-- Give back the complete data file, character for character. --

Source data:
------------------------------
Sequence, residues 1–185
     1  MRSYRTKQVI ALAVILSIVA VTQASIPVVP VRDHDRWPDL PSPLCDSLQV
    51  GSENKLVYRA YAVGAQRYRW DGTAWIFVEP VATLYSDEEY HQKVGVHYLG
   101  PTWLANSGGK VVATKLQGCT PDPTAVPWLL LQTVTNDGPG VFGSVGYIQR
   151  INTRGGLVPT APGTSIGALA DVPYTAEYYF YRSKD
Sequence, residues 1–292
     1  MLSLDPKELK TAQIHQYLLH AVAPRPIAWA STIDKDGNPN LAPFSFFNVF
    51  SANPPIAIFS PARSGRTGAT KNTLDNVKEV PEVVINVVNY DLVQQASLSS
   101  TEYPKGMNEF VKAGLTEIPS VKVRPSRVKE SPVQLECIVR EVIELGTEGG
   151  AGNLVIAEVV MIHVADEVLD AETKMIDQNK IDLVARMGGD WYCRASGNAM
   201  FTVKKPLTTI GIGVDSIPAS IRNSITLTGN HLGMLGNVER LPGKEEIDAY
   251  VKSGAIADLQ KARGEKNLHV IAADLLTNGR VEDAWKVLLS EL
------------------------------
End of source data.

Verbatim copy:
Sequence, residues 1–185
     1  MRSYRTKQVI ALAVILSIVA VTQASIPVVP VRDHDRWPDL PSPLCDSLQV
    51  GSENKLVYRA YAVGAQRYRW DGTAWIFVEP VATLYSDEEY HQKVGVHYLG
   101  PTWLANSGGK VVATKLQGCT PDPTAVPWLL LQTVTNDGPG VFGSVGYIQR
   151  INTRGGLVPT APGTSIGALA DVPYTAEYYF YRSKD
Sequence, residues 1–292
     1  MLSLDPKELK TAQIHQYLLH AVAPRPIAWA STIDKDGNPN LAPFSFFNVF
    51  SANPPIAIFS PARSGRTGAT KNTLDNVKEV PEVVINVVNY DLVQQASLSS
   101  TEYPKGMNEF VKAGLTEIPS VKVRPSRVKE SPVQLECIVR EVIELGTEGG
   151  AGNLVIAEVV MIHVADEVLD AETKMIDQNK IDLVARMGGD WYCRASGNAM
   201  FTVKKPLTTI GIGVDSIPAS IRNSITLTGN HLGMLGNVER LPGKEEIDAY
   251  VKSGAIADLQ KARGEKNLHV IAADLLTNGR VEDAWKVLLS EL